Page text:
This resulted in serious damage to metal coils that needed complete teardown and replacement of most furnace components.

It’s clear from this list that many parts and scenarios can cause furnace noise. If you’re in doubt, contact a furnace technician for optimal comfort and safety this winter.

Types of Furnace Noises

Strange noises coming from your furnace? It’s time to call in an expert! Banging noise? Could be dirty burners or faulty gas flow. Humming? Blower fan or motor, air pressure issues, or loose parts. Scraping? Loose components or worn blower wheel bearings. Clicking? Air ducts expand and contract with warm air. Popping? Metal coils contract during cooling.

Don’t ignore these signs – costly repairs may be ahead if you do. Get professional help before it’s too late!

How to Fix Furnace Noises?

Furnaces can make various noises – from annoying to alarming! Most of these sounds have easy causes and simple fixes. Here’s a 4-step guide:

  1. Locate the noise source: Listen carefully and identify where it’s coming from.
  2. Common problems: Check for loose parts, dirty filters/burners, low airflow, and incorrect gas/ignition.
  3. Call a pro: If you don’t feel confident to fix it, contact an experienced technician. Complex repairs can be dangerous and costly.
  4. Regular maintenance: The best way to avoid furnace noises is to keep up with routine maintenance. Get yearly tune-ups to prevent more serious problems later.

Remember: Some noises could indicate serious issues like carbon monoxide leaks or damage to other furnace components. If hearing anything unusual or alarming, contact a pro right away.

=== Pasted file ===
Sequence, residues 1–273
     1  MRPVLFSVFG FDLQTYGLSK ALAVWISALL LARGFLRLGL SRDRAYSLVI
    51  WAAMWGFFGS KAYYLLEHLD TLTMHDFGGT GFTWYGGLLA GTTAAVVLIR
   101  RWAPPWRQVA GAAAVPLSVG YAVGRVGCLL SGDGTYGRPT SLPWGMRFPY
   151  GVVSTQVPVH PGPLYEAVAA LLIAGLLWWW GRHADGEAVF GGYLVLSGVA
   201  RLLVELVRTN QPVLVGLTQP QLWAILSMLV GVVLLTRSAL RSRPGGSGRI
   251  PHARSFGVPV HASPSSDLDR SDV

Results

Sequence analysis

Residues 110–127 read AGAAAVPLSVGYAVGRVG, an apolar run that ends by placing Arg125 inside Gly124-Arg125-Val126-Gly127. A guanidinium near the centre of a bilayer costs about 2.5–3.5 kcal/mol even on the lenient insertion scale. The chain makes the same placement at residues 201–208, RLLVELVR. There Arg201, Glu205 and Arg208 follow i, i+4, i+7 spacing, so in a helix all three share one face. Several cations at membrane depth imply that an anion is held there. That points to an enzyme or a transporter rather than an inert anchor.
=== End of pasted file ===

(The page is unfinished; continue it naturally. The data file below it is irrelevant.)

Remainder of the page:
Pro Tip: Change air filters every 1-3 months to reduce strain on the blower motor and improve comfort/efficiency in your home. Don’t ignore furnace noises – they may seem harmless, but they can lead to expensive repairs or even carbon monoxide poisoning!

Safety Concerns with Furnace Noises

Furnaces can be noisy. As a furnace technician, I’ve seen it all. While some sounds are normal, others are signs of serious issues that can lead to costly repairs.

  1. If you hear rattling, popping, humming, thwapping, or buzzing noises from your furnace, they could indicate loose screws, wear on bearings, something hitting the blower wheel, or an electrical problem.
  2. Banging noises from your furnace may indicate delayed ignition or gas flow issues, which should be addressed immediately to prevent potential explosions and serious damage.
  3. For safety, if you hear strange noises from your furnace, check for carbon monoxide leaks and be aware of symptoms like headaches and nausea occurring around the home.
  4. Prevent furnace noises by regularly replacing the air filter, clearing vents of obstructions, and adjusting the fan belt as needed.
  5. If you experience any concerns or unusual furnace noises, it is recommended to contact an HVAC technician. They can inspect and address issues such as gas burner problems, heat exchanger issues, combustion chamber leaks, and burner ignitions.

Good maintenance is key to avoiding spooky sounds and repair bills.


To keep your furnace in top condition, it’s vital. If you hear noises like scraping, banging, or popping, that’s a red flag and a pro HVAC technician is needed soon. Ignoring can lead to an explosion or pricey repairs. Over time, parts will wear out. So, regular check-ups and part changes are important to avoid damage. At Estes Services, we had a customer who had low airflow from an obstructed air filter. Our technician found a screw had gone through and damaged the fan motor. We replaced the parts and cleaned the air ducts, restoring the furnace. With these tips and regular maintenance with a professional, you can keep your heating system running for years and keep your home safe and warm during the cold winter months.

About the author

Debarghya Roy: A heating systems author, Passionate about energy efficiency and sustainability, Sharing insights and empowering readers through informative blog articles.